Privacy is For Finding Out Who We Are When We Are Not Performing Ourselves

“Privacy is essential to human agency and dignity. Denying someone privacy—even when it’s as seemingly small as a parent who won’t let their kid close the door—has a corrosive effect, eroding trust as well as our sense of interiority. When we scale up the individual to a body politic, it is the private sphere that’s crucial for our capacity for democracy and self-determination. As individuals, we need privacy to figure out who we are when we’re no longer performing the self. As a collective, we have to be able to distinguish who we are as individuals hidden from the norms and pressures of the group in order to reason clearly about how we want to shape the group. Elections have secret ballots for a reason.

If we do care about privacy as a collective value, then it cannot be an individual burden. Right now, privacy is essentially a luxury good. If you can afford not to use coupons, you don’t have to let retailers track your shopping habits with loyalty points. If you’re technically savvy, you don’t have to let Gmail see all your emails. Not only does that make access to privacy incredibly inequitable, it also affects our collective understanding of what is a ‘normal’ amount of privacy.”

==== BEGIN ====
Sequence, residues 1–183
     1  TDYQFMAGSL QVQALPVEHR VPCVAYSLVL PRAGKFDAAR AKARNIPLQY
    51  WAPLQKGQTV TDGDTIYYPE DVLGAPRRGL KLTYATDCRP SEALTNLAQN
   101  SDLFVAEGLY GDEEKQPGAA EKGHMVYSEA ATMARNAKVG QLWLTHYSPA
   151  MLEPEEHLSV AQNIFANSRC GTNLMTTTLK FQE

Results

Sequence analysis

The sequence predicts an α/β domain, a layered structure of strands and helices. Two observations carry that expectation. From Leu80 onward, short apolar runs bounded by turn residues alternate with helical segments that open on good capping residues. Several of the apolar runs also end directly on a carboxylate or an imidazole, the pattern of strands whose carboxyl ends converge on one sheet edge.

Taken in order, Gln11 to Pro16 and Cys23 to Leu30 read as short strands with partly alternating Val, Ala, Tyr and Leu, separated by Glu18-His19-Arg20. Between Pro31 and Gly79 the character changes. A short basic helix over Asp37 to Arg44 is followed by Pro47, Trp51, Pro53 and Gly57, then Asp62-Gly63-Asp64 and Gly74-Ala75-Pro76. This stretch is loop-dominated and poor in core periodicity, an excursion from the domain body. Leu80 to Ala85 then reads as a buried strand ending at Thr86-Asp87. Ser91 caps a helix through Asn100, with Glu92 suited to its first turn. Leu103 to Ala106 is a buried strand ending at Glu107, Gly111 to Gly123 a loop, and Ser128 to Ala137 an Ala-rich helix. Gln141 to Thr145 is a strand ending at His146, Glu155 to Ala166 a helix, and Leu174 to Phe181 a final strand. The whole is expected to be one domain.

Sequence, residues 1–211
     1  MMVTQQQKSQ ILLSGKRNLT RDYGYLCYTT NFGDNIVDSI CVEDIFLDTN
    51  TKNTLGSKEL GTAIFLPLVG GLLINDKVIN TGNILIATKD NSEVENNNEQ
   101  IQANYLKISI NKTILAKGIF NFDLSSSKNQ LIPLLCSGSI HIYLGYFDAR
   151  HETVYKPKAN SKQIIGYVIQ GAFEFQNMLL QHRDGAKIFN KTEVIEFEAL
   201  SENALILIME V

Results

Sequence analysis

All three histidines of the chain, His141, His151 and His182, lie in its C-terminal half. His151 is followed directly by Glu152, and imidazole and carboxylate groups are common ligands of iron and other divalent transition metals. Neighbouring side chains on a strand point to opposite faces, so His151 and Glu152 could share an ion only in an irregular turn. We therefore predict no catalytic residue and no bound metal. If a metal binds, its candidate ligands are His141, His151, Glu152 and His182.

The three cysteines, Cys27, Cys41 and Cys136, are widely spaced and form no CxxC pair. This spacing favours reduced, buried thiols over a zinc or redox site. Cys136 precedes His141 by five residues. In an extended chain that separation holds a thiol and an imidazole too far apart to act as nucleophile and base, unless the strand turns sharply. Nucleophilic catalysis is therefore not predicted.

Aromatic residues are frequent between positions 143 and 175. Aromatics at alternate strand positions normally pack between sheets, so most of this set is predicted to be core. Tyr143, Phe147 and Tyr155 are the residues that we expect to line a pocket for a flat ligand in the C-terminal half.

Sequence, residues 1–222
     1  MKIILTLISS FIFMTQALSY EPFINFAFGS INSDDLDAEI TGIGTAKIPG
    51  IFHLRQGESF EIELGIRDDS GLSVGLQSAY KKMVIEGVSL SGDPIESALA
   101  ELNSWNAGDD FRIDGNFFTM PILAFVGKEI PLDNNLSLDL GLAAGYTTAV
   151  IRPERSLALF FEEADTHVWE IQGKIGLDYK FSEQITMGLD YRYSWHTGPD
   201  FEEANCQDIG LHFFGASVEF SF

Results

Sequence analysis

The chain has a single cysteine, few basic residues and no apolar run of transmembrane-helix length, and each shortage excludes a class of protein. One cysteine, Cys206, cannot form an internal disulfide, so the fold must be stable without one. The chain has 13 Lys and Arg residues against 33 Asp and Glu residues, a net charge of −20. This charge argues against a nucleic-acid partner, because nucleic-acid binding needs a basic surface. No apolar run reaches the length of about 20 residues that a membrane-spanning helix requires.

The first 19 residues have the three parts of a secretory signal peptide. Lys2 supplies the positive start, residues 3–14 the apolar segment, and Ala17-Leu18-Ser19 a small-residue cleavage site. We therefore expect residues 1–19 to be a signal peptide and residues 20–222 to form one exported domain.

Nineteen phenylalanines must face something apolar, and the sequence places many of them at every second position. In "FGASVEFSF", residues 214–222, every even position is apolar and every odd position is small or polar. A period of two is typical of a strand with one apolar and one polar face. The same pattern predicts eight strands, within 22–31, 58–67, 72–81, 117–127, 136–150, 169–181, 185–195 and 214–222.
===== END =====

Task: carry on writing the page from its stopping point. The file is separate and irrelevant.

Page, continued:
-Jenny, “left alone, together.” phirephoenix.com. May 3, 2021.

Dunning-Kruger Effect = Satisfaction

“…people with the biggest gap between their abilities and their view of [themselves] say they have the highest levels of satisfaction with their life, career and relationships. “People who report being more adjusted are those who have a combination of relatively lower true abilities and actual higher views of themselves,” says Stéphane Côté, a social psychologistat the Rotman School of Management at the University of Toronto and an author of the paper.”

—Lydia Denworth, “New Insights into Self-Insight: More Might Not Be Better.” Scientific American. August 27, 2019.